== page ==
The effects of management practices on grassland birds—Greater Sage-Grouse (Centrocercus urophasianus)
Document Type: Book Chapter
Author(s): Mary M. Rowland
Editor(s): Douglas H. Johnson; Lawrence D. Igl; Jill A. Shaffer; John P. DeLong
Publication Year: 2019

Cataloging Information

  • altered fire regimes
  • Artemisia spp.
  • Artemisia tridentata
  • bird habitat
  • Centrocercus urophasianus
  • fire frequency
  • grazing
  • greater sage-grouse
  • invasive plants
  • range management
Record Maintained By:
Record Last Modified: January 16, 2020
FRAMES Record Number: 60576


Keys to Greater Sage-Grouse (Centrocercus urophasianus) management are maintenance of expansive stands of sagebrush (Artemisia species [spp.]), especially varieties of big sagebrush (Artemisia tridentata) with abundant forbs in the understory, particularly during spring; undisturbed and somewhat open sites for leks; and healthy perennial grass and forb stands intermixed with sagebrush for brood rearing. Within suitable habitats, areas should have 15–25 percent canopy cover of sagebrush 30–80 centimeters (cm) tall for nesting and 10–25 percent canopy cover 40–80 cm tall for brood rearing. In winter habitats, shrubs should be exposed 25–35 cm above snow and have 10–30 percent canopy cover exposed above snow. In nesting and brood-rearing habitats, the understory should have at least 15 percent cover of grasses and at least 10 percent cover of forbs greater than or equal to 18 cm tall. Greater Sage-Grouse have been reported to use habitats with 5–110 cm average vegetation height, 5–160 cm visual obstruction reading, 3–51 percent grass cover, 3–20 percent forb cover, 3–69 percent shrub cover, 7–63 percent sagebrush cover, 14–51 percent bare ground, and 0–18 percent litter cover. Unless otherwise noted, this account refers to habitat requirements and environmental factors affecting Greater Sage-Grouse but not Gunnison Sage-Grouse (Centrocercus minimus). Habitats used by Gunnison Sage-Grouse are generally similar to habitats used by Greater Sage-Grouse, but some differences have been reported. The Greater Sage-Grouse is a game bird and is hunted throughout most of its current range. This account does not address harvest or its effects on populations; rather, this account focuses on the effects of habitat management.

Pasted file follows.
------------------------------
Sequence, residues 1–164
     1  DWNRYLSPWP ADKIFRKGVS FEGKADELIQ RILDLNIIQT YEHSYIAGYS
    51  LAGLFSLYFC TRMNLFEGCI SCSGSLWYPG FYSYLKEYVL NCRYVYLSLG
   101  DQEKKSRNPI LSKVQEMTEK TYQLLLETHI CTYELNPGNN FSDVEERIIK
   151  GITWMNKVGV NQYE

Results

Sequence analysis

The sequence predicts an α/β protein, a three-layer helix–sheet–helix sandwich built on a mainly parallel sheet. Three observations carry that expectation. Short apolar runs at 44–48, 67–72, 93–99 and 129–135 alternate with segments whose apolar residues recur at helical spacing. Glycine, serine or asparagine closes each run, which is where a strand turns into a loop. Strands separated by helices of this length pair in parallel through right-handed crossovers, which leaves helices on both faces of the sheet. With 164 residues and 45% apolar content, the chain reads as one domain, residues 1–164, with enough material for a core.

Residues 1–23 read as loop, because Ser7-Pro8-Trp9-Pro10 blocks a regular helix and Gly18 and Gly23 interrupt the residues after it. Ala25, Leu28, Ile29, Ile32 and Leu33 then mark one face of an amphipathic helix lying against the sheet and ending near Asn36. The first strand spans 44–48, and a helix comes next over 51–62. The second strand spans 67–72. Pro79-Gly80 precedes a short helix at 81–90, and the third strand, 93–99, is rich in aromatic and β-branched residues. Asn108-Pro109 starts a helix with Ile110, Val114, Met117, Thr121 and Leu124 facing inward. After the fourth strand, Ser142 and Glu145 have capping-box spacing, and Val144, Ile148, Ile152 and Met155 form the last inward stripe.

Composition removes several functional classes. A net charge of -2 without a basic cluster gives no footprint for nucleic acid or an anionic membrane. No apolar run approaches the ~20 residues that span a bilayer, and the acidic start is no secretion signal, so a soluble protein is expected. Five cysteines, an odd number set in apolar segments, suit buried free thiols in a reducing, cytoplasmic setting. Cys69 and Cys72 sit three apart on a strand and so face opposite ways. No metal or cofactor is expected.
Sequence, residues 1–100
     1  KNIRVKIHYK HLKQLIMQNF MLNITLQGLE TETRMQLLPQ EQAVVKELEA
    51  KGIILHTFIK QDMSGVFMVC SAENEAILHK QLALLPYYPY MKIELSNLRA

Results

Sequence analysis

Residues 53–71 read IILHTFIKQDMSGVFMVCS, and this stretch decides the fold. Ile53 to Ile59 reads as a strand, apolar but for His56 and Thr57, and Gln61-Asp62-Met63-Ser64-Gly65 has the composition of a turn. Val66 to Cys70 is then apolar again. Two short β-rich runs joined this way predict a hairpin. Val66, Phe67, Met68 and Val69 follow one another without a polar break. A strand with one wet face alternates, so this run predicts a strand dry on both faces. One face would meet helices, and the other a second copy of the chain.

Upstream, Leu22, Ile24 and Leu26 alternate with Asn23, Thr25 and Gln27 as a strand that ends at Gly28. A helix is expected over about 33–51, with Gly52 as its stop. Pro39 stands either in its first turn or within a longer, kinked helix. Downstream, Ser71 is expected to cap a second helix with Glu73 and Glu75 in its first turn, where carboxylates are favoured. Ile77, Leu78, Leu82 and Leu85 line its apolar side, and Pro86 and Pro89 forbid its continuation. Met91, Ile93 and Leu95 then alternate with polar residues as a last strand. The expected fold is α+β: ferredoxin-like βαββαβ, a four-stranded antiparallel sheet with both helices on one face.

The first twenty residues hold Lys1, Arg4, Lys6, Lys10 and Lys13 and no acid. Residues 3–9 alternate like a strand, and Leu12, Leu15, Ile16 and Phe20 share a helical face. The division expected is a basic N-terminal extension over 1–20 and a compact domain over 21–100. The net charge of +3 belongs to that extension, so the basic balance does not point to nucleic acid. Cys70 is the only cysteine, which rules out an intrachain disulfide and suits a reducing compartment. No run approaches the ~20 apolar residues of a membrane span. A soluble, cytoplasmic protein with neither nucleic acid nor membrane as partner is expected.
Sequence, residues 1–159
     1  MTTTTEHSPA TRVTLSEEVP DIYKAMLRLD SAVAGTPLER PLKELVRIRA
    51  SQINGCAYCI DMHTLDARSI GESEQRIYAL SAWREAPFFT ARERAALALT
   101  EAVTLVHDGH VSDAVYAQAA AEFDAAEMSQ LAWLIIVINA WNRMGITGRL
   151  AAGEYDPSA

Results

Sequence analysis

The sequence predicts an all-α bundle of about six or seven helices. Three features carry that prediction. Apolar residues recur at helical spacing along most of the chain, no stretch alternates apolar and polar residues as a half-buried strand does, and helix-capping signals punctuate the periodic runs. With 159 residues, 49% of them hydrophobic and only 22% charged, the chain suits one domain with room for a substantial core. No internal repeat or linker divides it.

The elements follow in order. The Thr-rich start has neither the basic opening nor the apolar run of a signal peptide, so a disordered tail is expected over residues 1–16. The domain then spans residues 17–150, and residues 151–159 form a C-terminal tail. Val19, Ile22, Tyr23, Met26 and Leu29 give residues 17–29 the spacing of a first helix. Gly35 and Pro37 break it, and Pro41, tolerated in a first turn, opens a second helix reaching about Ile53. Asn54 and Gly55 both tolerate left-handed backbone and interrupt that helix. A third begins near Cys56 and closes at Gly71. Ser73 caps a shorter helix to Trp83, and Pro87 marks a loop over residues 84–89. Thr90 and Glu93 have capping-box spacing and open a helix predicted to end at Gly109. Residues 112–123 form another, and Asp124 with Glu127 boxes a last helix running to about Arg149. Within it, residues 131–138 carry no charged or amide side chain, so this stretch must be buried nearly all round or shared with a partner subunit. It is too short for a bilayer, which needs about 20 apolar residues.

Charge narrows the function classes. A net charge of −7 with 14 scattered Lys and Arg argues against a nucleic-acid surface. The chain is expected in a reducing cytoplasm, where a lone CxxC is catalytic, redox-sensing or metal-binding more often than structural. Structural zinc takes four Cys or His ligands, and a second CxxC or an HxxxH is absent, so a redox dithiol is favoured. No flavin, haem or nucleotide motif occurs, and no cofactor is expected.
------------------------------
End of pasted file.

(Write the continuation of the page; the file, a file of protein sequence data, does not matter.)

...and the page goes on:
Online Link(s):
Rowland, Mary M. 2019. The effects of management practices on grassland birds—Greater Sage-Grouse (Centrocercus urophasianus). Chapter B, In: Johnson, Douglas H.; Igl, Lawrence D.; Shaffer, Jill A.; DeLong, John P. (editors). The effects of management practices on grassland birds. US Geological Survey Professional Paper 1842. Reston, VA: US Geological Society.